Friday, July 1, 2022

A Day Without Whiteness


I have led a deprived life. 

It’s not what you think. Not a lack of money or opportunity. From birth onward I have lived in so many primarily white worlds: neighborhoods, schools, even in some workplaces. And, the older I get, the more I realize that those who are white lose so much in our isolation.

I sometimes think that if the rest of my life were a total immersion experience of living with, working with, learning with Black peers and neighbors, it probably wouldn’t be enough to make up for what I have missed. I’m serious here. I have tried to imagine what it would be like to live in a world where everyone around me was Black: from movie stars and multi-millionaires to bank managers and coworkers and best friends. I truly believe that there is so much that I could learn from that. There are so many ways our communities and our country would benefit from truly being interconnected with people who are different than we are.

To be clear, I don’t think that such an experience would necessarily be comfortable for me. I think it would challenge a lot of assumptions I didn’t know I had. I’m not talking about some kind of a fantasy field trip to the Land of Blackness that is sugar coated for white people. I’m talking about real life, 24-7, where my whiteness would mean absolutely nothing.

During the last school redistricting debacle, there seemed to be this undercurrent of sentiment that the “white” schools were by default better schools and so the Black students and families were by default inferior and wanted to come take what the white people had. The assumption was that the benefits would be all for the Black (and Brown) students, and that the end result would diminish educational experiences for the white students.

I sometimes thought that if someone could put a monetary price tag on the benefits accrued by white students who learned in fully integrated schools, those same detractors would do an about-face. They’d be rallying at board meetings in matching t-shirts to get their kids into to “racial immersion model school” so it would look good on a college transcript. For now, their minds are closed to the very real things their children are missing by existing in bubbles of white affluence.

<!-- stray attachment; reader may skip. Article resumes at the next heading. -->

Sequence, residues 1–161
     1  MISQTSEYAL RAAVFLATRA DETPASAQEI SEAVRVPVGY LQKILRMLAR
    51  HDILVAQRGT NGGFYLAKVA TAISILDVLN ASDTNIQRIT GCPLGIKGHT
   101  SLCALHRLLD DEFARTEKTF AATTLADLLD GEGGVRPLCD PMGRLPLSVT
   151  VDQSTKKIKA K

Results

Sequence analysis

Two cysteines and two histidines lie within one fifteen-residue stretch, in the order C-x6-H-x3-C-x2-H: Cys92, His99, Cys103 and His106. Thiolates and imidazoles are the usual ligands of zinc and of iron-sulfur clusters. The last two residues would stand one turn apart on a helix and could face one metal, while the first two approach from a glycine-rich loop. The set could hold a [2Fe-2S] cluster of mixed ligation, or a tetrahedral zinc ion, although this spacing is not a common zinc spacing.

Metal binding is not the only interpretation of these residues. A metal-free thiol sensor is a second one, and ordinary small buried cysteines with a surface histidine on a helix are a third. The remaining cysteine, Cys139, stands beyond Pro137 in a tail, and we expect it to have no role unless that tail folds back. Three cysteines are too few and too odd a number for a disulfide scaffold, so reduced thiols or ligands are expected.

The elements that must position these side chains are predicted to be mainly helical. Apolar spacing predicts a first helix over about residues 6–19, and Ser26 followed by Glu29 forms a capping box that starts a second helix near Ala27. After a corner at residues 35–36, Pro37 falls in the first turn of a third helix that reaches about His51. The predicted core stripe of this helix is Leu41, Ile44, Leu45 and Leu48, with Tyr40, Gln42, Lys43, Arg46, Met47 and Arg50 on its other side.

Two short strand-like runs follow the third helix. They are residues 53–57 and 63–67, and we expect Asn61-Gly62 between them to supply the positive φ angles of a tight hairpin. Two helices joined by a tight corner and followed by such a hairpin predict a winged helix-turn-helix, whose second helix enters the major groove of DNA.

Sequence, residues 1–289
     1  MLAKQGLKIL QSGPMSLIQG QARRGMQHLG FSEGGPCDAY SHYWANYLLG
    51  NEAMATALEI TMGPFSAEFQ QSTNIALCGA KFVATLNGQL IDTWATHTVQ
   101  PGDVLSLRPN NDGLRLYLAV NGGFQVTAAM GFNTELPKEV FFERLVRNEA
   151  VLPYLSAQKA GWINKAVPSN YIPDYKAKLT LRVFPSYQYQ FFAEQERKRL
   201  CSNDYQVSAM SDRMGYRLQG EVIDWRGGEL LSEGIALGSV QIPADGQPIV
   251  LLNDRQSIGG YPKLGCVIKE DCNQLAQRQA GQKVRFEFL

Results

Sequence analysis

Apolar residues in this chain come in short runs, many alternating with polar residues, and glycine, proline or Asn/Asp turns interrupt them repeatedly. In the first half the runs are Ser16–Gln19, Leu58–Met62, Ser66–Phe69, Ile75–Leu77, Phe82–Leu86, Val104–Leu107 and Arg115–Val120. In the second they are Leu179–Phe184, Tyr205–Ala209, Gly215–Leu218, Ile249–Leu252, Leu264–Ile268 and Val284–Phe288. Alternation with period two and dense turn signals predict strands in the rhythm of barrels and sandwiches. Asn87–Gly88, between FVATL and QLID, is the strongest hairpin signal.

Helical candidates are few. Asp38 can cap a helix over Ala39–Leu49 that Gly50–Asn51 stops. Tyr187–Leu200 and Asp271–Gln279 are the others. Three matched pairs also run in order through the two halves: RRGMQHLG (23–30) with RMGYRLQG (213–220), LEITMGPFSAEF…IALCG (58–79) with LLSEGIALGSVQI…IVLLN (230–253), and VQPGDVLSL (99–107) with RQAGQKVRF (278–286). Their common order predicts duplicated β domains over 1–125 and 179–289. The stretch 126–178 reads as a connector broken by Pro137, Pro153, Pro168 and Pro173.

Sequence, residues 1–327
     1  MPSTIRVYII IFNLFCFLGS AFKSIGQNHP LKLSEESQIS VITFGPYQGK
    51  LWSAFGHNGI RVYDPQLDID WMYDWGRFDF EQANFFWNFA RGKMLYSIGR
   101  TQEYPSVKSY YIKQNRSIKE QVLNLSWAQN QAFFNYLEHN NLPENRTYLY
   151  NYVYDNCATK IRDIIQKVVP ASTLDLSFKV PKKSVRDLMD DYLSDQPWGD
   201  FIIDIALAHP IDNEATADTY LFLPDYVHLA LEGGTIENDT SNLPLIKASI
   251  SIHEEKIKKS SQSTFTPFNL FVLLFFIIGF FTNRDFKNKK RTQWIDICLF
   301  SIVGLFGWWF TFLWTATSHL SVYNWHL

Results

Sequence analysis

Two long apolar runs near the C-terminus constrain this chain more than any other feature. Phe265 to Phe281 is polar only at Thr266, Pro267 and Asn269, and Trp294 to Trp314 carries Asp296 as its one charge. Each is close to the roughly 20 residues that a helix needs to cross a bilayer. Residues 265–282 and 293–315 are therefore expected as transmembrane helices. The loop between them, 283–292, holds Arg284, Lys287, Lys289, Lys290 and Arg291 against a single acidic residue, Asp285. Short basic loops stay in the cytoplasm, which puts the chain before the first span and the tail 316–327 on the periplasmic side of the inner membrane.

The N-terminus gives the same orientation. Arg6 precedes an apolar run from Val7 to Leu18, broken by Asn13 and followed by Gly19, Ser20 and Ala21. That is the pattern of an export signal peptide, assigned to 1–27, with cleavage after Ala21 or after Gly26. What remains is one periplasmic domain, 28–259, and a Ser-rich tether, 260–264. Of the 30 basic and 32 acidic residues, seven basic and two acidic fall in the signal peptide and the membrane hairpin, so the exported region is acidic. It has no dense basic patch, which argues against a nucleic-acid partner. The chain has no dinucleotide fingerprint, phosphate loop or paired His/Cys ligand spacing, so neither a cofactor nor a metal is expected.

A while back I touched on this when responding to a video entitled “A Love Letter to Black America.” (“Face Value” November 28, 2020)

These are the faces and bodies and hearts and lives I do not know because I was raised in an almost entirely white suburban world. The children did not go to my schools and the families did not live in my neighborhood. I did not see them in shops or restaurants unless we went “downtown.” While I was not indoctrinated to believe that people who looked like this were in any way inferior, the truth of my life was that they were “other”. They might as well have been foreign.

Though I have lived in several other places in the US since then, by and large my existence has always been inside a cocoon of whiteness, reinforced by the history of redlining which keeps Black people away from “white” neighbors and out of “white” schools. Even in Howard County, considered to be inspirational for its diversity, we continue to wallow in a privileged system of separation. Talking about it makes people angry. Trying to take action creates whole new fight-back groups against it.

Here is what I saw when I watched this video: all the people who have never been in my life because of systemic racism. Love, beauty, wisdom, strength, humor, commitment shine from these people and my life has been bereft of their value and humanity. My life, and so many lives, are less because of this. Many people seem to think that attempts to address racial inequity are purely about “getting something for Blacks”. And yes, we absolutely should be facilitating what is owed. No doubt about that in my mind.

But I don’t think that we (as whites) truly comprehend how much we lose and are stunted by persisting in an unnaturally white world. Even if we’re not fighting to keep it that way. Even if we are merely content to exist within the status quo.

For so many of us, our worlds are unnaturally white. We may without conscious thought seek to protect ourself in a bubble of whiteness. And that bubble breeds more generations who seek to protect the bubble. It’s just more comfortable. But it’s an inferior, deprived, cramped, weakened existence. 

What a ridiculous thing to fight to protect.

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